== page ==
By Mary Ellen Posthauer RDN, CD, LD, FAND
Part 3 in a series discussing nutritional status and diabetic foot ulcer risk.
To read Part 1, Click Here
To read Part 2, Click Here
In last month's blog I discussed the steps that could be taken for a client who is a qualifying beneficiary under Medicare Part B, to receive the services of a dietitian for Medical Nutrition Therapy (MNT) and/or to a Diabetes Self Management Training (DSMT) program for assistance in achieving glycemic control. This month we will follow a non-compliant client through the assessment and treatment process.
We will assume Ms. Y is a 60-year-old woman on disability with Type 2 diabetes and a chronic diabetic foot ulcer. Additional diagnoses include Class III obesity, hypertension, sleep apnea, hypercholesterolemia, hiatal hernia and osteoarthritis. Her HbA1C runs between 9-11%, which is above the desired 7%, and her cholesterol/lipid levels are also elevated. Her treatment plan includes daily oral hypoglycemic plus sliding scale insulin, hypertensive medication, a statin, an anti-arthritic,a proton pump inhibitor, a diuretic and an antibiotic for her infected foot ulcer. Ms. Y is 63“ tall, weighs 270 lb. with a BMI of 47. Her chronic diabetic foot ulcer limits her daily activity so she spends the majority of her day at the computer on the Internet eating high calorie snack food.
Ms. Y’s physician recommends that she consult a registered dietitian who can help her establish a diet plan to control elevated blood sugar. After repeated phone calls to Ms. Y, the dietitian finally schedules an appointment to discuss the client’s routine meal and snack pattern. Prior to the initial visit, the dietitian requested Ms. Y write down everything she ate and drank the past week and where the activity took place. The client’s written food record is incomplete but it becomes obvious that most of her eating occurs in front of the computer or in the car as she travel home from the fast food restaurant. Because Ms. Y is on the Internet until 2 or 3 a.m. and sleeps until 10 a.m., she never eats breakfast. She drinks at least 8 or 10 cans of 12oz regular sodas daily along with salty chips. She doesn’t eat fruit or many vegetables because she can’t afford them and has limited refrigeration. The dietitian and the client discuss the type of food she enjoys and what she could purchase on the limited budget, noting her frequent trips for fast food are expensive. While Ms. Y is surprised to learn how many calories and sodium are in the items she frequently purchases, she states her “food trips” keep her from getting depressed about her health.
Together they attempt to outline a reasonable food budget that includes non-perishable food items that are lower in calories, fat and sodium. The dietitian encourages her to purchase apples, oranges and canned fruit packed in natural juice, plus small packages of frozen vegetables that she likes. Together they plan simple meals and snacks that Ms. Y enjoys and could prepare. Any attempt to suggest that she substitute her regular sodas for low calorie drinks or water is met with resistance. Based on her erratic schedule, it is difficult to establish routine meal times where she can consume a consistent amount of carbohydrates. Ms.Y does agree to try and establish a routine eating pattern and perhaps substitute a sandwich and fruit in place of her bag of chips that she consumes during the night. They both agree to this initial plan and decide the next visit will focus on websites that provide reliable nutrition information for her. This recommendation is in concert with her insatiable Internet habit.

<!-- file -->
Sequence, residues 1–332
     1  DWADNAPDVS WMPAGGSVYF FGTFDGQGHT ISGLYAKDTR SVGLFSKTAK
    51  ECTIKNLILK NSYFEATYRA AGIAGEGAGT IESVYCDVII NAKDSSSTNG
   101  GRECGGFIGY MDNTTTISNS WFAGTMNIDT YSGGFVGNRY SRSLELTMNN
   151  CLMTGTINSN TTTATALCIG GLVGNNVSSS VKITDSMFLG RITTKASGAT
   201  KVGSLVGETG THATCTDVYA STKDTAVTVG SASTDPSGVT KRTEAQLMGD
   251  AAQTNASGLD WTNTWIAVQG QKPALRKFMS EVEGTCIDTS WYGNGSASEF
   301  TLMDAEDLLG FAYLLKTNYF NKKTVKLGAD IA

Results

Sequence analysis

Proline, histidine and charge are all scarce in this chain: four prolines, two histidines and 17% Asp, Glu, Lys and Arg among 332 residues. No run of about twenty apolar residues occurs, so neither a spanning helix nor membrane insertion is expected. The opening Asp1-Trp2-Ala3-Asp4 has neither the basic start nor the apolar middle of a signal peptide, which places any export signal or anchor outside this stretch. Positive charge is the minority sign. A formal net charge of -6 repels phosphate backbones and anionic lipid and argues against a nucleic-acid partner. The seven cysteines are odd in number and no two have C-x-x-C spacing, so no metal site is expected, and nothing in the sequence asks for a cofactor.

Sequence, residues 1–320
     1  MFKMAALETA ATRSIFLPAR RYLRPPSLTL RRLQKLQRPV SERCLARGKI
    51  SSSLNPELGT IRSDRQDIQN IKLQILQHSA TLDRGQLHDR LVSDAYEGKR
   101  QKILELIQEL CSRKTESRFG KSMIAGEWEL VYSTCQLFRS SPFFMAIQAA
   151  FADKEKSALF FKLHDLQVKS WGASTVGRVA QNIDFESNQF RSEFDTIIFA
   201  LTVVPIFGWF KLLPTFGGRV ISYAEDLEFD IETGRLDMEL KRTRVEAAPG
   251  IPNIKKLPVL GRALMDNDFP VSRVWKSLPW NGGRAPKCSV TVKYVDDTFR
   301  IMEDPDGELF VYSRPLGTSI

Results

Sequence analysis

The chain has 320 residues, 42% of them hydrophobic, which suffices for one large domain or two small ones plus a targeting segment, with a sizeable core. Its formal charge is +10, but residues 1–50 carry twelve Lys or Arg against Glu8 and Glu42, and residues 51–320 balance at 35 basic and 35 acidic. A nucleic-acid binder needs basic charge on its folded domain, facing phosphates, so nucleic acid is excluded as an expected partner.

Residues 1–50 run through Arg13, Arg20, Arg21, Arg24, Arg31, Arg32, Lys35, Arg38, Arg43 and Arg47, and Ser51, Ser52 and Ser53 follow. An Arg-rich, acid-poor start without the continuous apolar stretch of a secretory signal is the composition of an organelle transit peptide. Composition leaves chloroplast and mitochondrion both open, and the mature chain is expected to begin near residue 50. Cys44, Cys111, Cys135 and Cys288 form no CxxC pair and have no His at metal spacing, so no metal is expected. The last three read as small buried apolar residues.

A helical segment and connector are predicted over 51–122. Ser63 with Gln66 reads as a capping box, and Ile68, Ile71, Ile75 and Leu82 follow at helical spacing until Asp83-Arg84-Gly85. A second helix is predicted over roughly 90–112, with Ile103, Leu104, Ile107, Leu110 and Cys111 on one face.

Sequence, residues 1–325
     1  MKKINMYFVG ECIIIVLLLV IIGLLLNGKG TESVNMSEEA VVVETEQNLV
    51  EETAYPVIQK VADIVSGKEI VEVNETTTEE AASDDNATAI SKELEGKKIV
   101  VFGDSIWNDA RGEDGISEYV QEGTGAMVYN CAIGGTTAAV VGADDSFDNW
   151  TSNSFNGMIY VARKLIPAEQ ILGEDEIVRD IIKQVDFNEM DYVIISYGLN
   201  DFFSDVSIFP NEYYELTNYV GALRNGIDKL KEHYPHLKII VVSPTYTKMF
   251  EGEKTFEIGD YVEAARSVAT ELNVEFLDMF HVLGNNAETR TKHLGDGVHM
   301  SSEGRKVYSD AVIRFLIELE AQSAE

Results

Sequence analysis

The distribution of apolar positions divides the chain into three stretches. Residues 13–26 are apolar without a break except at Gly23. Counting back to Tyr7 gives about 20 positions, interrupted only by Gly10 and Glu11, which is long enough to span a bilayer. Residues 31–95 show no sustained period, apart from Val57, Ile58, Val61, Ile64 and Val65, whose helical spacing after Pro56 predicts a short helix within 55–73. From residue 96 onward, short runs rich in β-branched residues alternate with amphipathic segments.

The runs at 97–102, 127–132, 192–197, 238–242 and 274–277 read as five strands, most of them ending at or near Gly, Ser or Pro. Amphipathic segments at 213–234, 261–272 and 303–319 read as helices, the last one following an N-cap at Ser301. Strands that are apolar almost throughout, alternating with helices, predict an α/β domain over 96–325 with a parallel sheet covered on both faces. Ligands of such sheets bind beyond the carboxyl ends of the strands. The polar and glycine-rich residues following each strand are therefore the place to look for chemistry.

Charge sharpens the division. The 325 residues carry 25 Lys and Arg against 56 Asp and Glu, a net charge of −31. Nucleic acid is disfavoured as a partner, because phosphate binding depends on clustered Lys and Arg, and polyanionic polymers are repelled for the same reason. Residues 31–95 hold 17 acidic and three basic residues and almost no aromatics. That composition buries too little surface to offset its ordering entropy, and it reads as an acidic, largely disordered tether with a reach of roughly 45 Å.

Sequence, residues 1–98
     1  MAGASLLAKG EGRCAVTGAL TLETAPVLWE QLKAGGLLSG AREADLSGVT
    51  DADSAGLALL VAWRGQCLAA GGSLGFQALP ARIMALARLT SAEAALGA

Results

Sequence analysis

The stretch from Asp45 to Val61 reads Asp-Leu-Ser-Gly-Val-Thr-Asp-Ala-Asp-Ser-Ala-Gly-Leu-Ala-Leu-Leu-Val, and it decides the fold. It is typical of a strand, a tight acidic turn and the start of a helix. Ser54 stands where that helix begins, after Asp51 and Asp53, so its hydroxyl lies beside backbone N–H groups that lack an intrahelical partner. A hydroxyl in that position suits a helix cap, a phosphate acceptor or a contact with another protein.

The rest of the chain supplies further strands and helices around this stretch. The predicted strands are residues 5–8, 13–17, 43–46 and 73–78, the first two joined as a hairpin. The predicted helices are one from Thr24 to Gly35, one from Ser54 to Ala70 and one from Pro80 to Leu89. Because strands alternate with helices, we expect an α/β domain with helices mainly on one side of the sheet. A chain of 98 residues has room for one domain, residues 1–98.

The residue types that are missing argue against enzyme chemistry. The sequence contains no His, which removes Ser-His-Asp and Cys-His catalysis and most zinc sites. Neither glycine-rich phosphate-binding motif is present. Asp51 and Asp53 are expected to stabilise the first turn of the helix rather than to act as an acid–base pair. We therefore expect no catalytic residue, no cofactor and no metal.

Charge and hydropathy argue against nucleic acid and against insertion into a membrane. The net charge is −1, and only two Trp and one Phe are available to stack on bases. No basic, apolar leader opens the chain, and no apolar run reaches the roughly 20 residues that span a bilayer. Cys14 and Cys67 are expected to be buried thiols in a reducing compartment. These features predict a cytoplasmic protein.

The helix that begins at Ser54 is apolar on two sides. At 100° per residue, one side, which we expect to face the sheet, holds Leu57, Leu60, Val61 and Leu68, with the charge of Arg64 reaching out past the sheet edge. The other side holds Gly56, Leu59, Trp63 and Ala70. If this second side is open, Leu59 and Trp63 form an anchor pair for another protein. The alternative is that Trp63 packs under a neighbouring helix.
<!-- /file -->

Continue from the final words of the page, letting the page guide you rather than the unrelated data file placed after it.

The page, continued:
Ms. Y fails to come to her next appointment and after several phone call and emails to her, she emails the dietitian and states she isn’t interested in coming any more and that, “I only came because the doctor told me to visit you.” The dietitian suggests she attend a group class where Ms. Y could swap concerns and ideas with others who have similar health problems. While Ms. Y is worried because her chronic diabetic foot ulcer is limiting her activity and causing her pain and suffering, she fails to make the connection between her unhealthy lifestyle and her physical problems. She never attends the classes or makes any further contact with the dietitian.
The next time the dietitian sees Ms.Y, she is in the hospital following her below-knee amputation (BKA). Once again, the process will begin of trying to encourage her to embrace techniques that will improve her diet and her over-all health.
This example, which resulted in an amputation, is not extreme and is one that we have all encountered in our practice. While Ms. Y was resistive to change and assumed she lacked the resources to effectively alter her lifestyle, the dietitian did attempt to offer practical solutions for her concerns. However, when the individual is not willing to take even small steps to make a lifestyle change, the health care professional shouldn't assume they are responsible for the negative outcome.
About The Author
Mary Ellen Posthauer RDN, CD, LD, FAND is an award winning dietitian, consultant for MEP Healthcare Dietary Services, published author, and member of the Purdue University Hall of Fame, Department of Foods and Nutrition, having held positions on numerous boards and panels including the National Pressure Ulcer Panel and the American Dietetic Association’s Unintentional Weight Loss work group.
The views and opinions expressed in this blog are solely those of the author, and do not represent the views of WoundSource, Kestrel Health Information, Inc., its affiliates, or subsidiary companies.